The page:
The results of the foregoing test are shown in FIG. 22. From the results shown in FIG. 22, it can be understood that the coefficient of friction increases in the order of DLC (diamond-like carbon)<PEEK<Fe(SUJ-2)<aluminum oxide at a low temperature. However, in this region, the film of Illustrative Compound AII-1 is much more hard, so that it may be conjectured that the mineral oil N-32 used as a base oil reveals fluid lubrication in a gap relative to the thin film of Illustrative Compound AII-1. If this conjecture is agreeable, it may be considered that this difference in the coefficient of friction is one reflecting the film thickness of the fluid film of the mineral oil N-32 to be caused by Illustrative Compound AII-1 existing on the interface, in its turn, the surface roughness of a base thereof. From a region where the temperature exceeds 100° C., a lowering of the coefficient of friction of each of the SUJ-2 and aluminum oxide plates is seen. However, in this region, Illustrative Compound AII-1 is in an elastic fluid lubrication region, and it may be conjectured that an influence of the surface roughness of the interface base is also revealed here together with the effect of elastic deformation. The diamond-like carbon coating film was separated on the way because the adhesion to steel was not sufficient. However, it is evident that all of the samples give a low coefficient of friction as compared with that obtained using the current lubrication technologies.

6. Test Example 5

As for a phenomenon in which Illustrative Compound AII-1 of the invention is segregated in the sliding part, the present inventor spectrally observed a neighborhood of a point-contacting portion of an instrument using a point contact EHL evaluation apparatus for evaluating an elastic fluid lubrication region in the technical field of tribology and succeeded in quantitatively grasping a change of material concentration at a high load in a high shear field. Specifically, the observation was carried out in the following manner.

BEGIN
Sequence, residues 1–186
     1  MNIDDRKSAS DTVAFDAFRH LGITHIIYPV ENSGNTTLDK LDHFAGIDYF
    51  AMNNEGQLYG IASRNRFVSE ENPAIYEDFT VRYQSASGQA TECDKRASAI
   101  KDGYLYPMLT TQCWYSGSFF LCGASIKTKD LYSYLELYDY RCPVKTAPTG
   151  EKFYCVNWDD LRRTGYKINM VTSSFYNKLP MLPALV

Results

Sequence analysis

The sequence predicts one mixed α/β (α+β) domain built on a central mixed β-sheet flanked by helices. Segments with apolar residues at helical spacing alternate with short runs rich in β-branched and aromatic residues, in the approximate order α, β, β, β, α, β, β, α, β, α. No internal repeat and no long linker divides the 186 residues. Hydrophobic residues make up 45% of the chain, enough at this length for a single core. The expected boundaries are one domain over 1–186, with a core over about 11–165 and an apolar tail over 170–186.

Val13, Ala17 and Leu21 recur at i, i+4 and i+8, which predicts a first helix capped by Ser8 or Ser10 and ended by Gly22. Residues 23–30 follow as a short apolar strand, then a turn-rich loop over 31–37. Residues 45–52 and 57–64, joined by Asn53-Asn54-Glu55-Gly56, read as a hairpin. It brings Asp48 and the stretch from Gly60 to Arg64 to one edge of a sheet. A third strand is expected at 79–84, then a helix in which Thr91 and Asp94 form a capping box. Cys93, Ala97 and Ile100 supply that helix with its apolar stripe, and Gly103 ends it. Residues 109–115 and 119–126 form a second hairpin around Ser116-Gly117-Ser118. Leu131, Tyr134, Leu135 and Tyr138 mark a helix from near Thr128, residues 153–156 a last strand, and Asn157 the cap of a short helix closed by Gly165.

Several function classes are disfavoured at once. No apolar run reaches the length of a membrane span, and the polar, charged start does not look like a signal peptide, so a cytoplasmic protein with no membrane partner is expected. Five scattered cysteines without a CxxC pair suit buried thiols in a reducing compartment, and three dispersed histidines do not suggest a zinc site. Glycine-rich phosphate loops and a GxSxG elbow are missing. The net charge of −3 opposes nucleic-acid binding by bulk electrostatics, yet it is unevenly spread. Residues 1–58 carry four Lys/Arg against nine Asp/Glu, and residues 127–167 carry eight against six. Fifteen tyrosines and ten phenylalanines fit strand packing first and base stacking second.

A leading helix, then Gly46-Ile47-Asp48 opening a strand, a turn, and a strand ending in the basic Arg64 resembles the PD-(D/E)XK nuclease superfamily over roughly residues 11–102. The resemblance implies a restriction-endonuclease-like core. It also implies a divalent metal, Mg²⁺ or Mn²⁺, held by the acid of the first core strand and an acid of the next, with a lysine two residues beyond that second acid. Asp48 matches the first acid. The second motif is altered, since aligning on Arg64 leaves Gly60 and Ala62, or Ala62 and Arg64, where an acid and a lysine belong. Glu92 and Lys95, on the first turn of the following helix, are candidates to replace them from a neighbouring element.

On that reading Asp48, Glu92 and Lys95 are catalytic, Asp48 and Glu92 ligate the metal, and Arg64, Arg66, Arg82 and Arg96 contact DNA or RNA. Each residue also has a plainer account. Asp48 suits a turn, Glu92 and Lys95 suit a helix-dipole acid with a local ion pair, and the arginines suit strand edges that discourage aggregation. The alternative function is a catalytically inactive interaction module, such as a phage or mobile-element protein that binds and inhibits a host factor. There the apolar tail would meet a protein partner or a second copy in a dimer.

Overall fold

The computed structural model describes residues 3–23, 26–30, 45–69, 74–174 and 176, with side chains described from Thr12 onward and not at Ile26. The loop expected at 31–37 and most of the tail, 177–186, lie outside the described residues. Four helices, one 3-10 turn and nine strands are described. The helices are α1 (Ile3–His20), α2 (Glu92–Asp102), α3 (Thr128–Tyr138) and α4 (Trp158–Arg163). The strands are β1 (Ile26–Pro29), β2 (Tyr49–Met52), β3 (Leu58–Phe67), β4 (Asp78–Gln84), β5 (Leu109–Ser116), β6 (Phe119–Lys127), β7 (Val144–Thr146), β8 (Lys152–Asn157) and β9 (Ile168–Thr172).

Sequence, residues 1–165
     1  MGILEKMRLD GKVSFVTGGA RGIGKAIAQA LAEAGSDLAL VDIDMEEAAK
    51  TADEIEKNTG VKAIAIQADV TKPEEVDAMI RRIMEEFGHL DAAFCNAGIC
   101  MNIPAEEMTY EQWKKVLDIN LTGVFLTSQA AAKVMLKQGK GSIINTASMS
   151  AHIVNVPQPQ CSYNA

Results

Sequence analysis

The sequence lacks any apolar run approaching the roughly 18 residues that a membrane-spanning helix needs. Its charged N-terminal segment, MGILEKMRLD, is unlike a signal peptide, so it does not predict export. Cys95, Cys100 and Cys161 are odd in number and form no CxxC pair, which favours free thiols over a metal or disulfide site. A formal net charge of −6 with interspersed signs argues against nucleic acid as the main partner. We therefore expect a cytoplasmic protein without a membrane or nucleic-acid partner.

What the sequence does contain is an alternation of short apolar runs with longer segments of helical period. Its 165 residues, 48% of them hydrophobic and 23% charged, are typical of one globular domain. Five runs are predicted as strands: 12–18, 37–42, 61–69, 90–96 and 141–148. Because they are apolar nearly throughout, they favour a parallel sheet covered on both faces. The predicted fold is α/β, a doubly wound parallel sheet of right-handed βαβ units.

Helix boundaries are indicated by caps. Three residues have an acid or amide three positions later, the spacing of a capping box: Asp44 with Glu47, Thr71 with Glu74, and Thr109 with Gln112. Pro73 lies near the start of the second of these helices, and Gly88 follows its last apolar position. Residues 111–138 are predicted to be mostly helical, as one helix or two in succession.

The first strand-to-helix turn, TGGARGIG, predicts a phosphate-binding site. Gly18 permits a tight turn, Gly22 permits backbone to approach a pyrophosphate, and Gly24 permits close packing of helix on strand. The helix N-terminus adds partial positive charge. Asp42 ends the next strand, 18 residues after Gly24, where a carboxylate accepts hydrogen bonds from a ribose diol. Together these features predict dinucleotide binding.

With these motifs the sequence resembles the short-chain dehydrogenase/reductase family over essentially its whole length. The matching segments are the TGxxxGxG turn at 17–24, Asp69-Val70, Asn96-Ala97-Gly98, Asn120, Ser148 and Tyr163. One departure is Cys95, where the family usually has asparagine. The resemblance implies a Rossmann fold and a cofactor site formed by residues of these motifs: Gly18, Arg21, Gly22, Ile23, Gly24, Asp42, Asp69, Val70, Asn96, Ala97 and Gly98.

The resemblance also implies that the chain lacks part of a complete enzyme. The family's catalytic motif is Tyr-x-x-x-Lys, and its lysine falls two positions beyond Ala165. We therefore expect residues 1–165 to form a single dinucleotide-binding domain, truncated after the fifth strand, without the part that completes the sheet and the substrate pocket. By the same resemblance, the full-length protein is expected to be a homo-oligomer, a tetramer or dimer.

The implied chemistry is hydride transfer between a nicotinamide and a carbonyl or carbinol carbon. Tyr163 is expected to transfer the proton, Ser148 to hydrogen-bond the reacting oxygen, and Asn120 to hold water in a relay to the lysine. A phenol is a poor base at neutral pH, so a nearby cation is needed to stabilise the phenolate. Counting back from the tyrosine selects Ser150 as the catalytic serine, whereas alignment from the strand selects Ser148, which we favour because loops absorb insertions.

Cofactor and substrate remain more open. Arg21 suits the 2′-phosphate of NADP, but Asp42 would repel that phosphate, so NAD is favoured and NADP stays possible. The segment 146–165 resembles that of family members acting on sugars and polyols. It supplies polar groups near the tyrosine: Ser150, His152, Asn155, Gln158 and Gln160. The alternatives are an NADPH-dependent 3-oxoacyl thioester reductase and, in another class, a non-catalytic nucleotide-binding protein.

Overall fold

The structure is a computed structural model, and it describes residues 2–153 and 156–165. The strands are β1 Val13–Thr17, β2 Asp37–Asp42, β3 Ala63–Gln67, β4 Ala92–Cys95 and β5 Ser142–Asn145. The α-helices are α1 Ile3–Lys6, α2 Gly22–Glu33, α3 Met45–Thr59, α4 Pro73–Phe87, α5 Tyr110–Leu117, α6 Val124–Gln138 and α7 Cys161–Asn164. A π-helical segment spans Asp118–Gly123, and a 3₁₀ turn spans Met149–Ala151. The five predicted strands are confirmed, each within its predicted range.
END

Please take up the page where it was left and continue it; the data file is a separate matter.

Preparation of Sample:

First of all, Illustrative Compound AII-1 was dispersed in an oily medium to prepare a sample. SUPER OIL N-32 (manufactured by Nippon Oil Corporation) which is a mineral oil was used as the oily medium, to which was then added Illustrative Compound AII-1 in a concentration of 1.0% by mass, and the mixture was heated to 70° C. to form a transparent solution, followed by air cooling for 10 minutes, thereby obtaining a dispersion composition for sample. Thereafter, this sample was tested under the following condition. In this connection, this sample became cloudy step-by-step at the time of air cooling.

Outline of Measurement Method:

FIG. 23 is a diagrammatic view of an apparatus used for this measurement. For micro FT-IR, MICRO20 connected to FT-IR400, manufactured by JASCO Corporation was used, and the apparatus was positioned such that the point-contacting portion of the point contact EHL evaluation apparatus was located in a working distance of a Cassegrain mirror thereof. A rotating steel ball was placed on a diamond (hard plane) plate while making its rotation axis parallel, and a load was applied to the axis, thereby bringing them into press contact with each other. The prepared sample was fed and flown in a gap between the rotating steel ball and the diamond plate and its neighborhood.